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Seemingly Legal but Illegal Acts
Seemingly Legal but Illegal Acts0Cutting in line in public places

Cutting in line in public venues (excluding schools) is punishable by law. Article 3, Paragraph 1, No. 36 of the Minor Offenses Act states that disruption of the order of a procession for boarding, entry, or ticketing in a public place is a misdemeanor. Cutting or pushing are included in the list of disruptions.

Playing games for others

Using your friends’ ID to play games is actually illegal. According to the Game Industry Promotion Act, any positive outcome obtained by means not approved by a game-related business operator carries legal liabilities. Violators may face imprisonment for up to two years or a fine of up to W20 million, with their accounts suspended.

Retaliating against noisy neighbors

Noisy neighbors can be a nuisance, but you should never take matters into your own hands. Retaliating by attaching a speaker to the ceiling and playing it or personally visiting the noise maker are both subject to imprisonment for up to three years or a fine of W30 million.

Seemingly Legal but Illegal Acts12Refusing to help government officials

Public officials may ask ordinary citizens for assistance in emergencies, such as natural disasters and traffic accidents, or at the site of heinous crimes. Evading or refusing such a request may result in a fine of W100,000 or detention under Article 3, Paragraph 1 of the Minor Offenses Act.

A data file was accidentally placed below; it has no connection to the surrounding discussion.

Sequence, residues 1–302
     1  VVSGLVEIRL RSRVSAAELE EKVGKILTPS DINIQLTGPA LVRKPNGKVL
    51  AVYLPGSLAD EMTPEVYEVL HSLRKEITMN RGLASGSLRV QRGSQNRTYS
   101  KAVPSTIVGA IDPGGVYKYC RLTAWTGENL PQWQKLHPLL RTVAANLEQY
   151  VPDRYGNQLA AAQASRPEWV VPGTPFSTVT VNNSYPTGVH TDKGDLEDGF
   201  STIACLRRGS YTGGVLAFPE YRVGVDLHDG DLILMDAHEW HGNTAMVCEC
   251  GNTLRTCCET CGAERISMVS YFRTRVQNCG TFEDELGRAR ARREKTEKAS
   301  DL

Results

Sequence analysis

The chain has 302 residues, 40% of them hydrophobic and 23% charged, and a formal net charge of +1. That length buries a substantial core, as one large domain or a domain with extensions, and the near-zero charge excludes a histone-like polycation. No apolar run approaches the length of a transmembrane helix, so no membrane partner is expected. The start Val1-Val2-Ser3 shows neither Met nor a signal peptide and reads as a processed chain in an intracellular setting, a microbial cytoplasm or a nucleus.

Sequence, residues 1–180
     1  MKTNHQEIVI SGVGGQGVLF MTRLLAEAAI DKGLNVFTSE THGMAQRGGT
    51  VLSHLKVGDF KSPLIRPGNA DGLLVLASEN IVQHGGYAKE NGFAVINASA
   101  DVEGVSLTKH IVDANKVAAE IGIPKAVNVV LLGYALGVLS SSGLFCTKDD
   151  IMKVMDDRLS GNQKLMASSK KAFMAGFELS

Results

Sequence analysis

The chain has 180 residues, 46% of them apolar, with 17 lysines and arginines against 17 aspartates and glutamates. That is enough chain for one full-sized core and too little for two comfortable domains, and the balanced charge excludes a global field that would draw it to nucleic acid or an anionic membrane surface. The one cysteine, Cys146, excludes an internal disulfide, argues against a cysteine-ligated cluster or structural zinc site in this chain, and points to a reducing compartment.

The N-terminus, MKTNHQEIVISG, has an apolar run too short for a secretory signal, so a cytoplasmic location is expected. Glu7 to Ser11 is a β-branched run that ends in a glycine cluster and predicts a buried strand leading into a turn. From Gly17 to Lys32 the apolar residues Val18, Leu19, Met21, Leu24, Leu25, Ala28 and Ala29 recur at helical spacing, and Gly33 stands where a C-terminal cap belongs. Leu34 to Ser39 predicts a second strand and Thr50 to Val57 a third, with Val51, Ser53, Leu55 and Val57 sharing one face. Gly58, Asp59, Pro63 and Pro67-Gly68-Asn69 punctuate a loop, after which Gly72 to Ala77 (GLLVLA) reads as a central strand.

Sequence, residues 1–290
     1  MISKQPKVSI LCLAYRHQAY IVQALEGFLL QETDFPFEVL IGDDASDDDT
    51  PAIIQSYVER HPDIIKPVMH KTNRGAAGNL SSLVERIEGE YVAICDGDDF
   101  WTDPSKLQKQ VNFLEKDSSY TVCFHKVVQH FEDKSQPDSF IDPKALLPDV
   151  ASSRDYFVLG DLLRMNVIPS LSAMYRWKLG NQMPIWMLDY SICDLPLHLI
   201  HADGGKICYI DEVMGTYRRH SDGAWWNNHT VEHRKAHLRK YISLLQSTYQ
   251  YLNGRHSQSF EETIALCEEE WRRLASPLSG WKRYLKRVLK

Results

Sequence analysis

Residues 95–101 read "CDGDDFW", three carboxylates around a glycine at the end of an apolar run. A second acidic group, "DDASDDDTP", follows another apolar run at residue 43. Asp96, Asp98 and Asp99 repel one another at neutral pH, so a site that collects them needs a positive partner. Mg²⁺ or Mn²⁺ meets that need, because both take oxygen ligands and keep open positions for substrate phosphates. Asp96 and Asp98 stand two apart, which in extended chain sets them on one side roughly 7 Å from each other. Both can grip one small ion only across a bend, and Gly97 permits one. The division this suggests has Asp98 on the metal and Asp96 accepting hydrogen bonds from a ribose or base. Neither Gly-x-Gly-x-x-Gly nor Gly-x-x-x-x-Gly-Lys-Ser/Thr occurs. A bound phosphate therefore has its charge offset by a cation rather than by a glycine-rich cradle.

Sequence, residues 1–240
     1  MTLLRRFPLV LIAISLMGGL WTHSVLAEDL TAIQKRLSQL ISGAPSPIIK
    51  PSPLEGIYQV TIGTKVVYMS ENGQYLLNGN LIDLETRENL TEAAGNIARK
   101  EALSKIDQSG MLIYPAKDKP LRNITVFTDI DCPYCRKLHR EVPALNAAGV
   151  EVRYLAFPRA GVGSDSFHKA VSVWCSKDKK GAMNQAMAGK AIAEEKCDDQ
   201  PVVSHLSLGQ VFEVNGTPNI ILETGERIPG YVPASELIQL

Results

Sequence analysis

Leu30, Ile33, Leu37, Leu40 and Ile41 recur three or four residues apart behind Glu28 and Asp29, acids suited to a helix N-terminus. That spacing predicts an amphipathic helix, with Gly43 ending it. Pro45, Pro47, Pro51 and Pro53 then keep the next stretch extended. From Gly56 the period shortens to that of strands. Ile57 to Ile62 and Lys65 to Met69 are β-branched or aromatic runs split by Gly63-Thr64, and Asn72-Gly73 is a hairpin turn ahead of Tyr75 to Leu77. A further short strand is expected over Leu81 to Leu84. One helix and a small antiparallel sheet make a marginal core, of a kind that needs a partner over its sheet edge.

Engraving onto rocks and trees

When confessing love, it would be better to do so through spoken words or written letters. Engraving such confessions on rocks or trees, whether in words or drawings, is punishable according to Article 3, Paragraph 1, No. 15 of the Minor Offenses Act, aimed at protecting the natural environment. An infringement of the statute will result in a W50,000 fine.

Gifting handmade scented candles or diffusers

Anyone can make scented candles and diffusers from scratch at home. Gifting or selling them, however, is barred by the Consumer Chemical Products and Biocides Safety Control Act. Violation of the law may result in up to seven years in prison or a W70 million fine. This seemingly outlandish measure is due to the potential dangers of inhaling harmful chemicals.



Serena Park
Staff Reporter
teen/1718582099/1613367750
 
인쇄기능입니다.
1. What is said about cutting in line? Why is it illegal?
2. What is said about playing games for others? Why is it illegal?
3. What is said about retaliating against noisy neighbors? Why is it illegal?
4. What is said about refusing to help government officials? Why is it illegal?
 
1. Have you witnessed anyone cutting in line? How did you feel?
2. What are some fun games to play? Why is it fun?
3. What would you do if you had noisy neighbors?
4. What are some examples of public or government officials? Why are they important?
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